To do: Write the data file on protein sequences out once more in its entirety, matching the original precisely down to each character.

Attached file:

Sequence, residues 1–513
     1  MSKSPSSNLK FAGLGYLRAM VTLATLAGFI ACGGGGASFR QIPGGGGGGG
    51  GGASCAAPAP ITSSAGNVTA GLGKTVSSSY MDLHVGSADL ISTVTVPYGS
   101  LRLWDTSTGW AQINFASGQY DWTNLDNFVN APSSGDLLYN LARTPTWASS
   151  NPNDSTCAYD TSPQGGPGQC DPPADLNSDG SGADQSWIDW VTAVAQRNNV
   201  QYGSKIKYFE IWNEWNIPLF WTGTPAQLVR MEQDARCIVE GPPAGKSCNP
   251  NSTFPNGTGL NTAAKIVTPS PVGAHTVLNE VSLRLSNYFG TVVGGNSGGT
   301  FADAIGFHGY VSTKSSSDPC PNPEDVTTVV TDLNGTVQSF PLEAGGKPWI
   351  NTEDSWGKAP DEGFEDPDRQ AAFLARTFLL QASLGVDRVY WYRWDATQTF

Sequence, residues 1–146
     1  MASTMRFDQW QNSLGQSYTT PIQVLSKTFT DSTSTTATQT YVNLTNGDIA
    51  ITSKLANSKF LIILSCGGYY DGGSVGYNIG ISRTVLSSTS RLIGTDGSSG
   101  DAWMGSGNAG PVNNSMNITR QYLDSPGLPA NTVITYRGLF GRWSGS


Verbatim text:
Sequence, residues 1–513
     1  MSKSPSSNLK FAGLGYLRAM VTLATLAGFI ACGGGGASFR QIPGGGGGGG
    51  GGASCAAPAP ITSSAGNVTA GLGKTVSSSY MDLHVGSADL ISTVTVPYGS
   101  LRLWDTSTGW AQINFASGQY DWTNLDNFVN APSSGDLLYN LARTPTWASS
   151  NPNDSTCAYD TSPQGGPGQC DPPADLNSDG SGADQSWIDW VTAVAQRNNV
   201  QYGSKIKYFE IWNEWNIPLF WTGTPAQLVR MEQDARCIVE GPPAGKSCNP
   251  NSTFPNGTGL NTAAKIVTPS PVGAHTVLNE VSLRLSNYFG TVVGGNSGGT
   301  FADAIGFHGY VSTKSSSDPC PNPEDVTTVV TDLNGTVQSF PLEAGGKPWI
   351  NTEDSWGKAP DEGFEDPDRQ AAFLARTFLL QASLGVDRVY WYRWDATQTF

Sequence, residues 1–146
     1  MASTMRFDQW QNSLGQSYTT PIQVLSKTFT DSTSTTATQT YVNLTNGDIA
    51  ITSKLANSKF LIILSCGGYY DGGSVGYNIG ISRTVLSSTS RLIGTDGSSG
   101  DAWMGSGNAG PVNNSMNITR QYLDSPGLPA NTVITYRGLF GRWSGS